#6 - In parallel, consider enrolling in courses, workshops, or certifications related to leadership and management. These can provide you with the knowledge and skills necessary for a managerial position. Keep an eye out for internal job postings for managerial positions or roles with leadership responsibilities. Tailor your resume and cover letter to highlight your relevant skills and experiences. I am sure you will be successful in your next role as a team lead.
My Personal Pathway Into Management
This sounds all real theoretically, right? But I can assure you, this is basically the pathway that I took to get into my current leadership role. At the moment, I am working as a Head of Software Testing. I am responsible for leading and shaping an entire business unit with more than 40 software testing experts.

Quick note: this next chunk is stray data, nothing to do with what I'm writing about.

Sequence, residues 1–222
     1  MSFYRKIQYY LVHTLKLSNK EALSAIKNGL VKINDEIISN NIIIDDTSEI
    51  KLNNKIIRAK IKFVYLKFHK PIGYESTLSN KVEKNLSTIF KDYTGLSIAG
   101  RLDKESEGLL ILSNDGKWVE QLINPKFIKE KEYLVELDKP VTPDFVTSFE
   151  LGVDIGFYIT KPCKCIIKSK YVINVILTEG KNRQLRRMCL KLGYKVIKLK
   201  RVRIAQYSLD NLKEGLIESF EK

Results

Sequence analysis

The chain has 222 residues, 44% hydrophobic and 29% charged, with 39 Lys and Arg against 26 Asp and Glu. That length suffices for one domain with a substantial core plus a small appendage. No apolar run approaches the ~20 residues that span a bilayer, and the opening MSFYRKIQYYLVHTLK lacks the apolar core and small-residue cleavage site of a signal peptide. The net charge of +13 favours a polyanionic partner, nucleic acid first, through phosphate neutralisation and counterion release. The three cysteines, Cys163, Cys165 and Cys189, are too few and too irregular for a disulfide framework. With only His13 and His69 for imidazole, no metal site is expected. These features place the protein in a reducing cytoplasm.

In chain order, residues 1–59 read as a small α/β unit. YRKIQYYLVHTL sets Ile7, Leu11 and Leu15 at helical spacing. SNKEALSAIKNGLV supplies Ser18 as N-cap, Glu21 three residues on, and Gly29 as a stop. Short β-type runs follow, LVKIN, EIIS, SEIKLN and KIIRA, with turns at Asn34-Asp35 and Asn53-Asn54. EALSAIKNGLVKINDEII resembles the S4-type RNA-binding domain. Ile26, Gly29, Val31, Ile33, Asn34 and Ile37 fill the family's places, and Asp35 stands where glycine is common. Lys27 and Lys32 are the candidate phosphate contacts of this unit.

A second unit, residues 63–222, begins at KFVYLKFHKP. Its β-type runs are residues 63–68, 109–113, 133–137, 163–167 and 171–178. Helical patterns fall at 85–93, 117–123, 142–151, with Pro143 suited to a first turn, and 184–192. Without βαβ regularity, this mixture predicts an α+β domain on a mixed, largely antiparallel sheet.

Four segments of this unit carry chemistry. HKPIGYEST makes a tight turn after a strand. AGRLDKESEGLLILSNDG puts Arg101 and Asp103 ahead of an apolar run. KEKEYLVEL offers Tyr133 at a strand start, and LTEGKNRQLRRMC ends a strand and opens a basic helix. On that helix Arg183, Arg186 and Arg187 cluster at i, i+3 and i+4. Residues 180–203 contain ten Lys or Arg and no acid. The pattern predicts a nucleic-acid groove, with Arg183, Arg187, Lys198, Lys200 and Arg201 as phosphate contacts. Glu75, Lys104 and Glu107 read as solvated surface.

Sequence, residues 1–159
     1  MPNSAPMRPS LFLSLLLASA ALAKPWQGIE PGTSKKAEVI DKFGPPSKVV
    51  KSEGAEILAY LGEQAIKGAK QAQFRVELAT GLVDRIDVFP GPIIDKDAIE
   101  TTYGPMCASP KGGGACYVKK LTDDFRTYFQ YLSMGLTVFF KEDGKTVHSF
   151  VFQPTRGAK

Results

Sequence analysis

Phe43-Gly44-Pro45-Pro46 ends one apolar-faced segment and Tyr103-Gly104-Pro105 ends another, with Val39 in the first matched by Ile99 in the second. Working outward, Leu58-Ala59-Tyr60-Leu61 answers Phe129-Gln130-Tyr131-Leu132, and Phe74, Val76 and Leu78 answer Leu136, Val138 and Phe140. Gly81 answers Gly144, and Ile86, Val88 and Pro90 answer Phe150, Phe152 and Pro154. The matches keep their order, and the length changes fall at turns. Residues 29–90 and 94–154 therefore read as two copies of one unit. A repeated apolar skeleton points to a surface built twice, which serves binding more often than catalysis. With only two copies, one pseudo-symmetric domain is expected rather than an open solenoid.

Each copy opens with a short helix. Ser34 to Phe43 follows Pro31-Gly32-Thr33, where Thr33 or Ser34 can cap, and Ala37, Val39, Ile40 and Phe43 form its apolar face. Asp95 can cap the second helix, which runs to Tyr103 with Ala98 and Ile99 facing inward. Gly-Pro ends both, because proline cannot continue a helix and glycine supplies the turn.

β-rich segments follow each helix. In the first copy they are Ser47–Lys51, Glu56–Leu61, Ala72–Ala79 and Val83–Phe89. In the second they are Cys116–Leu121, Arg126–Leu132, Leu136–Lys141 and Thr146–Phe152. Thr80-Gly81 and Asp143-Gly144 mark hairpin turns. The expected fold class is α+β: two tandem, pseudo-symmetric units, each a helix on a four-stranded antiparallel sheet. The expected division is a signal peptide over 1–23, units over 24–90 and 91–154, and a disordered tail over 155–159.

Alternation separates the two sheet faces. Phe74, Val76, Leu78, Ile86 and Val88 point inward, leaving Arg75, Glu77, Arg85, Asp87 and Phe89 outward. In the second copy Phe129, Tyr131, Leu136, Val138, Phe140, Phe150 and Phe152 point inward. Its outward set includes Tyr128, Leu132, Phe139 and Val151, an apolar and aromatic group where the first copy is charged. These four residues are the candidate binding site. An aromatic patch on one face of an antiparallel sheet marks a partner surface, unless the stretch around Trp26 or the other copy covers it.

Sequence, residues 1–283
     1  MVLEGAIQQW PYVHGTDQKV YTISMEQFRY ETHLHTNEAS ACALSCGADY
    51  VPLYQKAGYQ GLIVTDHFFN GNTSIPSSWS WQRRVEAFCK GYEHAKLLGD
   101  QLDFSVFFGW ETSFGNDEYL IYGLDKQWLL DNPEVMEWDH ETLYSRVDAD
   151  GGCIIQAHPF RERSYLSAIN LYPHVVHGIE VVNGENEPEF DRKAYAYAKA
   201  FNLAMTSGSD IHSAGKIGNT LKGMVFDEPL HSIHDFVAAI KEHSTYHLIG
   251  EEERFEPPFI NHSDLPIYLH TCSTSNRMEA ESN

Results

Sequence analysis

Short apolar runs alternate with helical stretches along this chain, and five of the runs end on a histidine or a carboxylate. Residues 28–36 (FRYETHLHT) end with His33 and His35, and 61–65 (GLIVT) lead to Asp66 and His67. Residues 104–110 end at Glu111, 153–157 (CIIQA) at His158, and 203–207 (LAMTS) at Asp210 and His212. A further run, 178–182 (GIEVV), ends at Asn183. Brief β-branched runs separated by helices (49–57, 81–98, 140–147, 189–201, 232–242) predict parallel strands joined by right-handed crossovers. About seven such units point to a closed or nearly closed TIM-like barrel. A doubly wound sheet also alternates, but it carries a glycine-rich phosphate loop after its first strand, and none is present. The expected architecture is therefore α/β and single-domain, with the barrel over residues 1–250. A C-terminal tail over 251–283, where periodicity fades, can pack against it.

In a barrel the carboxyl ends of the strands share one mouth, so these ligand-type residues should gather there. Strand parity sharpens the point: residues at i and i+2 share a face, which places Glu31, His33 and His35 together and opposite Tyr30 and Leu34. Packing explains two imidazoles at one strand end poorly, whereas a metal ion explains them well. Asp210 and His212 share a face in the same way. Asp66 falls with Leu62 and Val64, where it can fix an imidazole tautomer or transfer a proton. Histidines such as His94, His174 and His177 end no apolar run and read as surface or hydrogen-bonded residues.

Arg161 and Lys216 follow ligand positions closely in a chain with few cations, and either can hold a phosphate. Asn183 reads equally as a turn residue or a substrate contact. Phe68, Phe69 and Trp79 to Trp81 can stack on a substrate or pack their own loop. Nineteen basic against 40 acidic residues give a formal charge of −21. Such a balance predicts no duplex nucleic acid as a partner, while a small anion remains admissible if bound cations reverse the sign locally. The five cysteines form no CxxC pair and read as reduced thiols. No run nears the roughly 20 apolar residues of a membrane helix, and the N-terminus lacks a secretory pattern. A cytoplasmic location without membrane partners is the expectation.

Here are the steps that I took:
I started my career as a junior software tester. I was a greenhorn, coming straight out of university. Furthermore, I had no idea how to test software professionally. So I started to build up my technical foundation. I was working in an agile development team for a web application. I learned testing from fellow testing colleagues. They taught me all aspects of the role from test case design, and test data management to test automation. At the same time, I was learning about modern web development, APIs, and backends. This was all from a theoretical point of view, but I always had an interest in learning more about the system I was testing.